You musn’t go outside. If the plague doesn’t get you, the toxic culture will. Let’s be serious: worldview sewage pours out from your TV screen, and new generations of parents (not just grumpy Christians!) are waking up to nasty notions about sex and self-worship in the kids’ stories. That’s dirty stuff infesting our world. Do we need “clean reads” to keep out the filthy fiction?
- We’ll not be legalistic against “clean fiction.”
- We’ll not be legalistic in favor of “clean fiction.”
- “Don’t be legalistic” is not our standard. “Glorify God” should be.
- People have deeply personal preferences, associating them with stories.
- Stories help heal people in different ways. That factors into our exploration.
1. What we mean by saying “clean” fiction
- It usually means “does not include” XYZ (sex, violence, cussing, occult)
- “Clean” stories are often described as “wholesome” or “family friendly.”
- Their fans aren’t limited to older people and/or evangelical Christians.
2. How we benefit from reading “clean fiction”
- Clean fiction fans can sincerely desire to pursue holiness.
- These stories help reinforce morality for impressionable children.
- They can be especially healing in times of stress or suffering.
- Even secular readers enjoy simple, winsome, wholesome story-worlds.
- These stories reflect wholesome reality in a way “darker” stories cannot.
You will notice that we have got them completely fogged about the meaning of the word “real”. They tell each other, of some great spiritual experience, “All that really happened was that you heard some music in a lighted building”; here “Real” means the bare physical facts, separated from the other elements in the experience they actually had.
—The Screwtape Letters, C. S. Lewis
3. What we lose by reading only “clean fiction”
- They might reinforce the notion that sin (or morality) comes from stories.
- Or they connote the idea that only good feelings and safe spaces can heal us.
- They imply the gospel (or shallow versions) only works in pre-cleaned worlds.
- In excess, they can lead us away from God’s reality and prep for suffering.
Conclusion: let’s enjoy “clean fiction” for God’s glory, and in moderation.
- After all, too much of any comfort food leads to an imbalanced diet.
- No, we don’t want to be “wrecked”! Yet neither should we be coddled.
- No, Stories Should Not ‘Wreck You, The Reader’, Marian Jacobs
- Yes, Stories Should Help Heal You, The Reader, Marian Jacobs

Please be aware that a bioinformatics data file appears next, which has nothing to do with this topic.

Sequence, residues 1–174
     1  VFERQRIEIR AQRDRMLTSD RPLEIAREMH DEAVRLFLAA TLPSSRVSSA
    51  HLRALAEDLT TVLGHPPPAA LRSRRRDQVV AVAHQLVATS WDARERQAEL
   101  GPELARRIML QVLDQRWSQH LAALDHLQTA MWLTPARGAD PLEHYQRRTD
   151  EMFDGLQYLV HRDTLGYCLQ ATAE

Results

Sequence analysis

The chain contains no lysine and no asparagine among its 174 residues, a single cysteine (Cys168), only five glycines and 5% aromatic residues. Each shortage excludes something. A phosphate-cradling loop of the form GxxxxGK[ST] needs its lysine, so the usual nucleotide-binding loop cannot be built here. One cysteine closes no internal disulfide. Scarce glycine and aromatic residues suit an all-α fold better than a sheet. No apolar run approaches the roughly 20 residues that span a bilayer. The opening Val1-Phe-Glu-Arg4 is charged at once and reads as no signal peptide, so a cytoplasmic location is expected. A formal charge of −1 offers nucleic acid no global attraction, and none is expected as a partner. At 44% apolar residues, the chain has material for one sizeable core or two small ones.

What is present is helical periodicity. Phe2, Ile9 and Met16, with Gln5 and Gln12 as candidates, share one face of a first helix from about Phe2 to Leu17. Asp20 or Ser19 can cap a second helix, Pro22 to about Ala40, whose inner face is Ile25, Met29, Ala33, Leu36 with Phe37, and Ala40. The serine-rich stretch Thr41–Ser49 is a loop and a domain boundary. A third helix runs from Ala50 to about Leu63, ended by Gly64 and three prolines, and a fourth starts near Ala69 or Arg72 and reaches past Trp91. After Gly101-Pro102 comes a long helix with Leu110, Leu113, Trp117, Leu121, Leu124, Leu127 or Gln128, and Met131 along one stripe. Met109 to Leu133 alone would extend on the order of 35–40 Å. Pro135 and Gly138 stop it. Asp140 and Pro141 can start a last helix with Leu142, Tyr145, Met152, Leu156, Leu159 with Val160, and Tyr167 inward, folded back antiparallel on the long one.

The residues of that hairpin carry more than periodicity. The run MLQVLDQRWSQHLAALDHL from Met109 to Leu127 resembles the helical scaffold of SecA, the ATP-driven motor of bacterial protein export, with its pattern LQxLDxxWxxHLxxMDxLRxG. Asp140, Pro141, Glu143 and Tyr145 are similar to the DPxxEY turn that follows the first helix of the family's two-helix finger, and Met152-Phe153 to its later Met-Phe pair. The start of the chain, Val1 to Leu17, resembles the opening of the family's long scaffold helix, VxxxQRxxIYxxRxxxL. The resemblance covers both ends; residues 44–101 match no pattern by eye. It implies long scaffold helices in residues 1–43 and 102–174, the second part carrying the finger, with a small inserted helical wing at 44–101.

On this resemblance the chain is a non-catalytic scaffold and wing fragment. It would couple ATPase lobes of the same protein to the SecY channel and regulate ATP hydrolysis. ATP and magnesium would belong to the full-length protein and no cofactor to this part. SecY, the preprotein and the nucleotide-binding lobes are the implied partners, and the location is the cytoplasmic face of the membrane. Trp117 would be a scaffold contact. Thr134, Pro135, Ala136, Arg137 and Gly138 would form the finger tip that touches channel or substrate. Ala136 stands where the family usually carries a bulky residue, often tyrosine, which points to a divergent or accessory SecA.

- Saving Your Child From the Village, Rod Dreher at The American Conservative
- Why Amish Romance Novels Are So Popular
David Alan Mock wrote in reply to our response to him in episode 77:
I found the article on The Gospel Coalition you recommended about J. Mark Bertrand. It’s called “Christian Artists Tell the Truth About the World.” It’s from Sept. 2013, by Phil Wade. Thank you for sending me to it! [Text slightly edited.]
Autumn Grayson replied to episode 78, with Kara Swanson about Peter Pan:
When I was in first grade, I used to be obsessed with the Peter Pan story. Mainly the Broadway play I saw on tv. I never read the book, but a few aspects of the Peter Pan story spoke to me, especially since it interfaced with the way I was contemplating the notion of death at the time. I was a Christian even then, but the physical aspect of death still scared me.
Since Peter Pan never grew old, he would be able to live forever so long as he didn’t get killed by Captain Hook or something. So he had risk and hardship and adventure, but still that chance to live on and on in a place that was important to him. There were elements of that that I wanted and wished for, even if I could never have them to that extent(at least on earth). So Peter Pan brought some of these things out of me where I could notice and work through them. I’m at a different stage now, when it comes to thinking about death, and Peter Pan is no longer my favorite story. But it was an important step along my path and an important part in my development.
Kind of glad to hear the original Peter Pan book was darker and different than the movies, so I might have to read it (and Kara Swanson’s Dust) some time in the future.
Next on Fantastical Truth
Should Christians celebrate Halloween? What if we call it a “harvest festival”? We’ve all heard the jokes, but whether we engage or escape the thing, we must take seriously how our neighbors perceive the occasion. Right down to our lawn decor, Halloween’s trappings can encourage us to celebrate good things like fall and fandom—yet can also provoke us into flippant mockery of death and disease, and even the hope of resurrection. And that’s truly horrible. So yes, we’ll dress up and distribute candy, and hurl light against this darkness.
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